All of Southern’s teams have been under an NCAA postseason ban for more than a year, but none has felt its impact as much as the women’s tennis team.

The Jaguars will go for their sixth consecutive Southwestern Athletic Conference tournament title this weekend in New Orleans, knowing that even if they win they will be unable to accept the conference’s automatic bid to the NCAA’s for a second consecutive season.

Last season there was hope that the university might be able to supply the NCAA with sufficient documentation on student-athletes’ Academic Progress Rates to get the ban lifted in time for the NCAAs.

But two days after the SWAC tournament and just a few days before the Jaguars’ annual “watch party” for the unveiling of the NCAA field, coach Jeffrey Conyers told the players they couldn’t go and runner-up Jackson State would go in their place.

“Honestly it was a really sucky feeling,” senior Gabrielle Moore said. “Being from a small conference, I tell people all the time that players from the Big Ten or the SEC or the ACC or the Big XII can be in the Top 25 and never be in the NCAA tourney. It’s an honor for us being from a small conference and a small school.”

Conyers fulfilled his obligation as a member of the NCAA championship committee to work the tournament in Athens, Georgia.

“It was heartbreaking to the young ladies on the team,” Conyers said. “It was difficult for me going to administer the tournament knowing a couple days before we could have been there, but those were the cards we were dealt. It was part of the maturity process for the young ladies. They were very mature and handled the situation we were dealt really well.”

The players did receive rings for their conference championship and they were recognized during the first home football game last season.

Moore and fellow seniors Camara Davis and Morgan Taylor experienced the NCAAs when they went to Ole Miss as freshmen and to Texas A&M as sophomores. Though they can’t make another trip to the NCAAs they can leave with four conference titles in four years.

“That’s a big deal for us,” Moore said. “To get four rings would be amazing.”

Top-seeded Southern, which won all seven of its SWAC matches in the regular season, will face the winner of Friday’s match between No. 4 Alabama State and No. 6 Grambling in the semifinals at 9 a.m. Saturday.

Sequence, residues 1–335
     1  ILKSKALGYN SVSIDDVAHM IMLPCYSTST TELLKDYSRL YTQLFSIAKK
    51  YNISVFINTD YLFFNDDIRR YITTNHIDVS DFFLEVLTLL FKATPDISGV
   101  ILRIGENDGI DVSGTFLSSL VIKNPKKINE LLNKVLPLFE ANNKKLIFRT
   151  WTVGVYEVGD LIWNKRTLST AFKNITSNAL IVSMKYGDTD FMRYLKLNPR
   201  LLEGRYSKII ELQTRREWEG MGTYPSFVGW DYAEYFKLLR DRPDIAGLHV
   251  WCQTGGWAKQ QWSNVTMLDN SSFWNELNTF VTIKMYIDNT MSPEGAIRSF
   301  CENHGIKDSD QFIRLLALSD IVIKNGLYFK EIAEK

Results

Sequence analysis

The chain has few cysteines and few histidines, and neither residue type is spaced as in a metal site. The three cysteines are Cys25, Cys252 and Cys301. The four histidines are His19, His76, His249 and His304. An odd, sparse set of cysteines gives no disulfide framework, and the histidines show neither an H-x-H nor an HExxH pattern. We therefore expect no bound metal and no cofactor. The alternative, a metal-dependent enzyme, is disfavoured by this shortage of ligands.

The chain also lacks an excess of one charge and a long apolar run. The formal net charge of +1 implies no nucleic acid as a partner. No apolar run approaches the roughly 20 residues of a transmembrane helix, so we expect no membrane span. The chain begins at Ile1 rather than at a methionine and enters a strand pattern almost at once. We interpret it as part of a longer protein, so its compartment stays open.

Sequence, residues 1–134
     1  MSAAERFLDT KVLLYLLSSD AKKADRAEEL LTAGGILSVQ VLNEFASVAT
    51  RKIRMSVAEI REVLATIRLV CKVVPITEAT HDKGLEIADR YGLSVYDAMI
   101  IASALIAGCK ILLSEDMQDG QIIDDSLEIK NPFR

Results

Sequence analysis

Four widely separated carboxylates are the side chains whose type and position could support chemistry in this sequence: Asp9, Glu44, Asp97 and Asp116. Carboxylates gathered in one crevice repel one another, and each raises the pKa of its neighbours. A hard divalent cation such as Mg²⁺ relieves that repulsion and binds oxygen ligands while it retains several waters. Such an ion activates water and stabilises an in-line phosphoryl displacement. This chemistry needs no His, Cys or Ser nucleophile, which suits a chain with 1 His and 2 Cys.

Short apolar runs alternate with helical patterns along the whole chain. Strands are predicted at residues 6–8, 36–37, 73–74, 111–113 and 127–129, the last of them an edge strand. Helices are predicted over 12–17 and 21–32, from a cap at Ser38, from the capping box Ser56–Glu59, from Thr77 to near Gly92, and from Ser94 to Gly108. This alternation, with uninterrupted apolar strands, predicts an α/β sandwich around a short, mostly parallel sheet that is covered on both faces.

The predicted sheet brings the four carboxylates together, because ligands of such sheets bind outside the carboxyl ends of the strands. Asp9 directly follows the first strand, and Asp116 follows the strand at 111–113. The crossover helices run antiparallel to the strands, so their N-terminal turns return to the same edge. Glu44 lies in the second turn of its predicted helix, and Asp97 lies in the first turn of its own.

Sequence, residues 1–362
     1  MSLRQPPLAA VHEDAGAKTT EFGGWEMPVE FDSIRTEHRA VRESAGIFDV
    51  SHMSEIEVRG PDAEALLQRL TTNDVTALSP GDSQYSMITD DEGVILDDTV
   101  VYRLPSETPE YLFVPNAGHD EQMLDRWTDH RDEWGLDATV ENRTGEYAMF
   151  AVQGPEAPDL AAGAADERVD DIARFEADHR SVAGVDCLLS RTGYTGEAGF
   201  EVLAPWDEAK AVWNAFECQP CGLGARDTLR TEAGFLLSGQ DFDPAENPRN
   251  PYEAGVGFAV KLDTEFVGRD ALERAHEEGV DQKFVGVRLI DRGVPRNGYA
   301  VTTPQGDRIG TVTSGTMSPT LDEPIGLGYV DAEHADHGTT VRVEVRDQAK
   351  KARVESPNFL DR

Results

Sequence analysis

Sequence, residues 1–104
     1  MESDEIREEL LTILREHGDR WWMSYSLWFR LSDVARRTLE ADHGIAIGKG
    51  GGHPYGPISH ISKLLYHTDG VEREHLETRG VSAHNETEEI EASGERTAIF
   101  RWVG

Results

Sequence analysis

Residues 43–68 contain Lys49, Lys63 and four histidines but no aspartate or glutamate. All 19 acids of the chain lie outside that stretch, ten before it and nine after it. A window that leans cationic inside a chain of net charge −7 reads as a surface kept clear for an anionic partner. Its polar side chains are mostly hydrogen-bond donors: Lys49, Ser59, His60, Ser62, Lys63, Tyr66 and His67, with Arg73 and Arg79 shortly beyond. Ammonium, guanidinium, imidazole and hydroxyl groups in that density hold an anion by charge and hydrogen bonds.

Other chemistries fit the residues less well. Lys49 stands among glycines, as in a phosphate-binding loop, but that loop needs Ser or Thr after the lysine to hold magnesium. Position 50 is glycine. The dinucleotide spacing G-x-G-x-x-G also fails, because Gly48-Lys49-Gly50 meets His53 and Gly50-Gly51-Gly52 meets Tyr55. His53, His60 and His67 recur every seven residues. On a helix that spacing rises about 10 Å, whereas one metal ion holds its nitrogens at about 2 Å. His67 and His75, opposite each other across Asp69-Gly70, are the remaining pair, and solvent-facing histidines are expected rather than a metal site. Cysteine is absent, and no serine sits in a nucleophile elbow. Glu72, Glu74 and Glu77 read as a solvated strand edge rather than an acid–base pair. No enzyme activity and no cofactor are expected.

The tourney is scheduled for City Park, but Conyers said the Hilton Riverside is an alternate site in case of rain.

The Jaguars lost just five individual matches in their seven SWAC matches and won all 21 doubles matches in the regular season.

Conyers called Southern’s double teams its “bread and butter” and said this team’s depth “is probably our greatest attribute.”

Moore and Darnesha Moore (no relation) form one doubles pairing and the others feature Davis and Taylor and Laura Syori and Kendall Bunch. Amanda Materre replaces Bunch in the singles lineup.

“This year’s lineup probably has been one of our strongest in my career,” said Conyers, who has coached nine women’s SWAC champions and four men’s champions since becoming head coach at his alma mater in 2002. Southern dropped men’s tennis in 2009.

Gabriella Moore said this is the “best-rounded” team she has been on at Southern.

“We honestly believe we could place any girl at any spot and still win,” she said.

Because of the NCAA probation, any seniors-to-be could have transferred after last season and become immediately eligible, but, Moore, who will graduate next month, said she never considered transferring.

“I would never leave Southern,” she said. “This is best team I could ever ask for. I could get another offer to go anywhere else and I wouldn’t leave my team for any other opportunity.

“I have a wonderful coach, a wonderful team and a wonderful university. With all the growth that I have experienced here I wouldn’t change it for the world.”

Follow Les East on Twitter @EastAdvocate.